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Originally published in Meat For Tea magazine (Dec 2012)

imgres-40“Are you here for the chocolate tasting?”  A woman at the store asks.
“We are.” I beam.
“You look so pretty.  Come in.”
“Thank you.”
“This way please.”
Yes! It’s happening.

Two years ago when I discovered this room for the first time, I wondered who were the lucky people that the store staff was setting up for.  Today, it’s us.

We follow the woman through the narrow long store to the magic room, my magic room for the next hour and a half, passing by the side of the store that displays chocolate penne and vinegar.  I know this from memory because today I pay no attention to the walls that stopped me in admiration of colors and shapes before.  Finally the glass door opens and we step into wonderland.  My eyes twinkle.  Everything outside the door disappears once it closes behind us.

I have visited this shop so often, I know the woman who receives us in the room, by name.  Evens so, she introduces herself in her charming accent.  “Hello, I am Rossana (rolling the R).”  On a shelf, she has a line up of chocolate bars, about nine or ten of them.   I realize that they actually ask your taste preference in advance and choose the samples accordingly.  “Come in.  Have a seat.”  She extends her hand to present the bench.  We take our seats.  In front of us on the long rustic wooden table rest two white square plates, two glasses of ice water, plus two bowls of warm water with lemon for washing our fingers.  She also has small porcelain bowls of: coffee beans, hazelnut, jalapenos, cinnamon, vanilla, dried figs, and pepper flowers.  These are meant to evoke the subtle layers of flavor waiting to be discovered as you develop your palate.

She starts by giving us a little background information on Hotel Chocolat along with a blurb about the history as well as types of chocolate.  I nod my head so we can skip the details and get to the good part.  Still, she meticulously covers the information session.  As part of the process, she opens the large glass barrel in the corner of the room so we can feel the texture of those almond-shape coco beans inside.  Their brown shawls rub off under the fingers to expose a smooth white interior.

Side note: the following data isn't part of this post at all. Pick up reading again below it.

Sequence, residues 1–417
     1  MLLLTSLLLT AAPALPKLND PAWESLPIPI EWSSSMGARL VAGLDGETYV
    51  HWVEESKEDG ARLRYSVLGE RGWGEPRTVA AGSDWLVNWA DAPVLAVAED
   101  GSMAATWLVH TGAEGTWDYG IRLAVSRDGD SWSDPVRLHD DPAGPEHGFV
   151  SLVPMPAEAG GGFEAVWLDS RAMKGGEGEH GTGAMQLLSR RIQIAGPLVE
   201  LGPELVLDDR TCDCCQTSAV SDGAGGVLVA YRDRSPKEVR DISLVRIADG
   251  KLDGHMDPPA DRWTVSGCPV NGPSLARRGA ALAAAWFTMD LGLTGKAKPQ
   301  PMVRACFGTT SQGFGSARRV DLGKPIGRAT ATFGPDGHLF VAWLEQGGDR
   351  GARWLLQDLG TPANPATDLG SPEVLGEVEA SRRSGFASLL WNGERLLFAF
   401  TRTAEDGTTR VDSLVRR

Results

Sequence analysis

At last, the tasting begins with their signature chocolate, gold star winner of the Great Taste Award in England.  We each take a piece.  She instructs us to smell it.  The experience reminds me of wine tasting except so much better.  “Ok, now take your index finger and rub the broken side of the chocolate to release its aroma.”  “Smell it again.”  When I remove my finger, a kaleidoscope of butterflies lifts up from my chocolate, fluttering rainbow wings all around me.

“I like to wait until my mouth starts to water before taking a bite,” she says.  My mouth has been watering since I walked in.  I take a bite.  Saliva and cocoa intersperse in imperceptible sorority. Through the seventy percent cacao, the taste susurrate elegance.  I close my eyes to really feel it, because one sensory deprivation is known to amplify the rest.  Ah, magnificent.

Next up is milk chocolate for the sake of comparison, but also, to indulge my schizophrenic taste in chocolate. We dip our fingers in the hot water bowls, wipe them on our napkins and pick a piece of milk chocolate.   Smell, rub, smell, bite and chew slowly.  In this one a child comes alive, lilting playful delight.  It makes you smile the way you would when a little one cheerfully runs around with genuine laughter.

The subsequent three bars all have sixty-six percent cacao.  The first one comes from Saint Lucia.  Rosana doesn’t love this one.  Here we go.  Smell, rub the side, smell again and bite.  It boasts power befitting of the chieftain of a tribe.  As I chew the morsel into small pieces, its taste pinches the inside of my cheeks as if to say, don’t forget who is in charge here.

Softness of fruit peers through the other two bars, one claiming hints of honey.  Their tranquil flavors conjure up nude women languidly reclining in a 17th century painting, perhaps by Titian or Rubens, when rotundity indicated wealth.

All in all, the sixty-six percent chocolates feel like they come from a long lineage of nobility.  They have roots, ancestry, depth.

Slowly, we graduate to the higher percentages of cacao: seventy-five, eighty-five, 100.  I am waiting for an absinthian kick when she presents the 100 percent bar.  But surprisingly, as it deliquesces (this is the only chocolate we don’t chew), it gently laces my palate with a polite declaration of the purity of unadulterated cacao.

During the event, every piece merely whispers its taste. Never cacophonous, always melodious.

She ends the tasting with crunchy cocoa nibs, evocative of flecks that remain on the sieve after sifting for gold.

We stop there.  Now each of us chooses three bars to take home.  Throughout the tasting, I kept moving the pieces around for my top three.  I settle on their signature bar, Madagascar for its glints of honey, and the seventy-five percent bar for its earthy flavor.  She kindly adds a tube of the nibs too.

I walk out wondering how long it takes to become a true chocolate connoisseur, able to discern those hushed melodies to the taste buds one note at a time.

“Let’s skip dinner.”  I tell him.  “Let’s just sit with these flavors for a while.”